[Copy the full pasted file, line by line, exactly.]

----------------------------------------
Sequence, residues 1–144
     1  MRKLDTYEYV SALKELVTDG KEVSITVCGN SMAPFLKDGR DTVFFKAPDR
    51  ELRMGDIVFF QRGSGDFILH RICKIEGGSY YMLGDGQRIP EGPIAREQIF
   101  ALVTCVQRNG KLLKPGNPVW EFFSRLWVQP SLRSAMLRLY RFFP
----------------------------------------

Sequence, residues 1–144
     1  MRKLDTYEYV SALKELVTDG KEVSITVCGN SMAPFLKDGR DTVFFKAPDR
    51  ELRMGDIVFF QRGSGDFILH RICKIEGGSY YMLGDGQRIP EGPIAREQIF
   101  ALVTCVQRNG KLLKPGNPVW EFFSRLWVQP SLRSAMLRLY RFFP